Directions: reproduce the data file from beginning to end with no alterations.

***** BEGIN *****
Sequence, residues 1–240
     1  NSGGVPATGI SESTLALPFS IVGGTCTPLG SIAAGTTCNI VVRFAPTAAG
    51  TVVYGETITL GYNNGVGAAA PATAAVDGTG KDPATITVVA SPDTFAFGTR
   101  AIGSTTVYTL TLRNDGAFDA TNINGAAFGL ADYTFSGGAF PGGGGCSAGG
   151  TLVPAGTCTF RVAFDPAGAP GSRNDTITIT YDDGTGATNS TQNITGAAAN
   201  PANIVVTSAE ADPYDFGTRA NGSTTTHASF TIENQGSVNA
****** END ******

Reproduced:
Sequence, residues 1–240
     1  NSGGVPATGI SESTLALPFS IVGGTCTPLG SIAAGTTCNI VVRFAPTAAG
    51  TVVYGETITL GYNNGVGAAA PATAAVDGTG KDPATITVVA SPDTFAFGTR
   101  AIGSTTVYTL TLRNDGAFDA TNINGAAFGL ADYTFSGGAF PGGGGCSAGG
   151  TLVPAGTCTF RVAFDPAGAP GSRNDTITIT YDDGTGATNS TQNITGAAAN
   201  PANIVVTSAE ADPYDFGTRA NGSTTTHASF TIENQGSVNA